Careers: The Journey to Mastering Ocean Electronics

Stay tuned for the full story, coming online this June at Sea Technology.

Image courtesy of Pete Brodsky.

Viviana Castillo is a research scientist and engineer at the Applied Physics Laboratory at the University of Washington. In August, she boarded a 300-ft. vessel to participate in an at-sea test of a U.S. Department of Defense maritime project. How did she land on that ship? That is her story to tell.

In a feature article coming to Sea Technology magazine this June, Castillo gives readers a look into what it’s like to be a young person working in ocean electronics at the start of a promising career.

From her gumption in high school to sign up for advanced courses, through a challenging education at the University of Washington, and on to her experience climbing down the side of vessel as part of her job providing onboard electronics, software and communications, Castillo’s story is enlightening for anyone interested in the behind-the-scenes details of making a career in ocean technology.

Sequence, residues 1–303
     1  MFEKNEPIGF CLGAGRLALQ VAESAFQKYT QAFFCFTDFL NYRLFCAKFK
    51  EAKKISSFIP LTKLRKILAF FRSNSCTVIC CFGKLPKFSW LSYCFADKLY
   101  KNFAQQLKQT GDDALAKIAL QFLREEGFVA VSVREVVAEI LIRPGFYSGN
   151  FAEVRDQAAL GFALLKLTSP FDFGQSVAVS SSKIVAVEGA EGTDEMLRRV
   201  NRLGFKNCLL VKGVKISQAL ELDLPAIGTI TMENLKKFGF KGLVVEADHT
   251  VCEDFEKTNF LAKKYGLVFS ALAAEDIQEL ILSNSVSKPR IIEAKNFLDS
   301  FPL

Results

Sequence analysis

I went in knowing I would be one of two women, one of the youngest on the ship and the only Latina. To say that this didn’t intimidate me would be a lie. But it was also extremely exciting. The DoD-funded project was supported by a number of different organizations and agencies supporting a cutting-edge concept to deliver unconventional capabilities to the U.S. Navy.

—Viviana Castillo

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